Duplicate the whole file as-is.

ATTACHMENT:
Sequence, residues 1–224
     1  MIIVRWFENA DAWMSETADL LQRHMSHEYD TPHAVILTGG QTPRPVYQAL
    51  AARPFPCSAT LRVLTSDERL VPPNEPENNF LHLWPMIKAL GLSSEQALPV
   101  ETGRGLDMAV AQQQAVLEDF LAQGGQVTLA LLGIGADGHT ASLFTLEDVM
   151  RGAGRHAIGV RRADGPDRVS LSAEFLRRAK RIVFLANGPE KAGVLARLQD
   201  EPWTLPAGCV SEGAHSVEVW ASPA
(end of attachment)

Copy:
Sequence, residues 1–224
     1  MIIVRWFENA DAWMSETADL LQRHMSHEYD TPHAVILTGG QTPRPVYQAL
    51  AARPFPCSAT LRVLTSDERL VPPNEPENNF LHLWPMIKAL GLSSEQALPV
   101  ETGRGLDMAV AQQQAVLEDF LAQGGQVTLA LLGIGADGHT ASLFTLEDVM
   151  RGAGRHAIGV RRADGPDRVS LSAEFLRRAK RIVFLANGPE KAGVLARLQD
   201  EPWTLPAGCV SEGAHSVEVW ASPA